it was dreadful; but it was not only the pain, though that was terrible and lasted a long time; it was not only the indignity of having my best ornament taken from me, though that was bad; but it was this, how could I ever brush the flies off
my sides and my hind legs any more?
Tip it off
to him that there's diamonds on the red-hot ramparts of hell, and Mr.
Another Rule of Battle, that Alice had not noticed, seemed to be that they always fell on their heads, and the battle ended with their both falling off
in this way, side by side: when they got up again, they shook hands, and then the Red Knight mounted and galloped off
The source of this contradiction lies in the fact that the historians studying the events from the letters of the sovereigns and the generals, from memoirs, reports, projects, and so forth, have attributed to this last period of the war of 1812 an aim that never existed, namely that of cutting off
and capturing Napoleon with his marshals and his army.
Hans was delighted as he sat on the horse, drew himself up, squared his elbows, turned out his toes, cracked his whip, and rode merrily off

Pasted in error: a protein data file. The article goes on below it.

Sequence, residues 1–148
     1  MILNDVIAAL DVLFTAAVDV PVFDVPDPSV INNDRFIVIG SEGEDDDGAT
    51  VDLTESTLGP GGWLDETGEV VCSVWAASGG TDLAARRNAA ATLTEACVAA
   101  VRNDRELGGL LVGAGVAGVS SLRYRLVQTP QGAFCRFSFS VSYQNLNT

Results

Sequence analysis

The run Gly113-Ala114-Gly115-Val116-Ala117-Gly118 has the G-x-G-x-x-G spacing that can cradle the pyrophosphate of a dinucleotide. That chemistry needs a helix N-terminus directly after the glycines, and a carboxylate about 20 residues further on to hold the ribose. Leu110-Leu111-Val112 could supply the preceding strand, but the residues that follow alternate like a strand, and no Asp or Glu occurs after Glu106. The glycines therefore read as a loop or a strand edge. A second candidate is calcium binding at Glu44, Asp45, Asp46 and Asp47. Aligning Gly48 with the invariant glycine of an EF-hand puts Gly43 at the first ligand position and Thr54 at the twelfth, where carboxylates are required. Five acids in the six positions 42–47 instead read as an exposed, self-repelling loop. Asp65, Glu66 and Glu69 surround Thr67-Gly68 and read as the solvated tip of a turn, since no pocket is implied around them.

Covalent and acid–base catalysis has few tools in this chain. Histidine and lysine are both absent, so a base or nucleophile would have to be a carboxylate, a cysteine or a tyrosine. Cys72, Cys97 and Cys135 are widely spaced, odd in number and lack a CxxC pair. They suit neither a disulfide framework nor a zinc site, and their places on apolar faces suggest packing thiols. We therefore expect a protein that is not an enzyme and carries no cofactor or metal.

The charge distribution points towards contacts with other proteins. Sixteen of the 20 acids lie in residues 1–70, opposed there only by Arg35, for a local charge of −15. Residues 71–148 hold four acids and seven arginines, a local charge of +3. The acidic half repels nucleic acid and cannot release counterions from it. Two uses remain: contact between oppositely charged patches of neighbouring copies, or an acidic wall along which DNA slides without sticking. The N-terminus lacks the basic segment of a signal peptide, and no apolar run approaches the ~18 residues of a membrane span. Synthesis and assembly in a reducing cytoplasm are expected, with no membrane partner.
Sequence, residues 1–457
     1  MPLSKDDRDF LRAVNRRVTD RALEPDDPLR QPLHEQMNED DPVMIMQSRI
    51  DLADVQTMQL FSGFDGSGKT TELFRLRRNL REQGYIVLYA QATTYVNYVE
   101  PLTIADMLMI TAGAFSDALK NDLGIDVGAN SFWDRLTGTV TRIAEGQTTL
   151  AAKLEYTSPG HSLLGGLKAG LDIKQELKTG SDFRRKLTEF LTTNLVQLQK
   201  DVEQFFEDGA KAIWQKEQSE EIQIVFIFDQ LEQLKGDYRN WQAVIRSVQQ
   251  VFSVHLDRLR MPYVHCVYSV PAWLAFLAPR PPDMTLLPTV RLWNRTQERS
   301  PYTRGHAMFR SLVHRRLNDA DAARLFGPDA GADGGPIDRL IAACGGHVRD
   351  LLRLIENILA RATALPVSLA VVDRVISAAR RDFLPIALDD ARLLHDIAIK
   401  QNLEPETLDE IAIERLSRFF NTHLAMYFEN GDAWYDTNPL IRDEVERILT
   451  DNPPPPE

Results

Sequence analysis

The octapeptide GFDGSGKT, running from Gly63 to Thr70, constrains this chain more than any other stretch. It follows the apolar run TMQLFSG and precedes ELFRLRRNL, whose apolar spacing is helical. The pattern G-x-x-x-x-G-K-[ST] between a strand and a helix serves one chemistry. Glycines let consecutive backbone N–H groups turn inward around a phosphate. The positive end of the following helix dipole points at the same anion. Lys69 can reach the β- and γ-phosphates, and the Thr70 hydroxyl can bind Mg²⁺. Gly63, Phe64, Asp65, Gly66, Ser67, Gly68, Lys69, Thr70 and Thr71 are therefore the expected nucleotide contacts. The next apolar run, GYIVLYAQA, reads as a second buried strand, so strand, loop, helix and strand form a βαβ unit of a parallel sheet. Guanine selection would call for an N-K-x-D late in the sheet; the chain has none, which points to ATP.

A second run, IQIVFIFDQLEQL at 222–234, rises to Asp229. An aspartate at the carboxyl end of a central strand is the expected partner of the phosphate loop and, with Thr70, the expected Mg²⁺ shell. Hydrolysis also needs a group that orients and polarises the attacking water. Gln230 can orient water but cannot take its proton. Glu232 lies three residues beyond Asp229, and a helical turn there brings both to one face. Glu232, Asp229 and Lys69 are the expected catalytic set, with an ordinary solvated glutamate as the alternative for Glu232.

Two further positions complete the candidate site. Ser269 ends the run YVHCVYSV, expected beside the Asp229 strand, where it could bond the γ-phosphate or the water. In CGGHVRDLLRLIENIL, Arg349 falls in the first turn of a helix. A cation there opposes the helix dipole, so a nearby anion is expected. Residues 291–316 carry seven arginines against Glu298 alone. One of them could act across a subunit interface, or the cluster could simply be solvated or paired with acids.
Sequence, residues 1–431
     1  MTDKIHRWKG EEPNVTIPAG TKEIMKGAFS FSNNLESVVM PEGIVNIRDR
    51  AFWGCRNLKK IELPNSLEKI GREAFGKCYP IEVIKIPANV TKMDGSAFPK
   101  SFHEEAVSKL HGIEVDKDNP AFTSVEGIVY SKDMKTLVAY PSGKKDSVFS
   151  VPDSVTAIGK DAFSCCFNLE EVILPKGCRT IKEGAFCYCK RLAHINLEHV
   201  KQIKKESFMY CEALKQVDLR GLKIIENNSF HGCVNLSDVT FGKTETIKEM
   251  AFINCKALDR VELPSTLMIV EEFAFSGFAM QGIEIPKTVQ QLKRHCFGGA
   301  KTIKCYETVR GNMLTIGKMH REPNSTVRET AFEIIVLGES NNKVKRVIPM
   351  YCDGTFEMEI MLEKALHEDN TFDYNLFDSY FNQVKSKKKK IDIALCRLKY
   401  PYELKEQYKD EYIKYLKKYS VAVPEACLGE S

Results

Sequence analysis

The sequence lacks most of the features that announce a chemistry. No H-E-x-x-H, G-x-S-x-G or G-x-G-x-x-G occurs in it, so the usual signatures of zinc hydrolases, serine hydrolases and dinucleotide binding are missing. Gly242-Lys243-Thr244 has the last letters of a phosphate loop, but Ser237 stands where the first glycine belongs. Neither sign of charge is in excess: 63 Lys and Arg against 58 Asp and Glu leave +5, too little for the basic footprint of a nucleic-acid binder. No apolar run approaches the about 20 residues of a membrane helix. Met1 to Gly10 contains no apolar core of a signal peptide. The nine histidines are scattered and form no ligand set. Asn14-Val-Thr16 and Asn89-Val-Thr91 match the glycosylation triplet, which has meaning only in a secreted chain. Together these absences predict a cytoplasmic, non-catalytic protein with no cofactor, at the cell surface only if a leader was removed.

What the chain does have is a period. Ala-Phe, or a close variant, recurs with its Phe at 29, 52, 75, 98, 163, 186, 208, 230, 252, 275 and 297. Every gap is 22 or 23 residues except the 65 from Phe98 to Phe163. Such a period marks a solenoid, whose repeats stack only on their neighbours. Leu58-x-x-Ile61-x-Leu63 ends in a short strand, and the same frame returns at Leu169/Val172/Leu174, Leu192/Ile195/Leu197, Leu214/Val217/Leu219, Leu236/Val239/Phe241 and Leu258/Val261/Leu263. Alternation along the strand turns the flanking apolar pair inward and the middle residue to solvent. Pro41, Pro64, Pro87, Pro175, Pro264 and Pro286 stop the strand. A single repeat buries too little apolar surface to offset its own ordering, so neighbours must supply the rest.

, one minute whistling a merry tune, and another singing,
At last, a gossip of Mrs Nubbles's, who had accompanied her to chapel on one or two occasions when a comfortable cup of tea had preceded her devotions, furnished the needful information, which Kit had no sooner obtained than he started off
Tom was carried off
by the chambermaid in a brown study, from which he was roused in a clean little attic, by that buxom person calling him a little darling and kissing him as she left the room; which indignity he was too much surprised to resent.
It was kind of lazy and jolly, laying off
comfortable all day, smoking and fishing, and no books nor study.
One day, however, as he was lying half asleep in the warm water somewhere off
the Island of Juan Fernandez, he felt faint and lazy all over, just as human people do when the spring is in their legs, and he remembered the good firm beaches of Novastoshnah seven thousand miles away, the games his companions played, the smell of the seaweed, the seal roar, and the fighting.
At the earliest streak of day one of the leaders would mount his horse, and gallop off
full speed for about half a mile; then look round for Indian trails, to ascertain whether there had been any lurkers round the camp; returning slowly, he would reconnoitre every ravine and thicket where there might be an ambush.
So you maintain that Christine Daae was carried off
by an angel: an angel of the Opera, no doubt?
The three soldiers wandered about for a minute or two, looking for them, and then quietly marched off
after the others.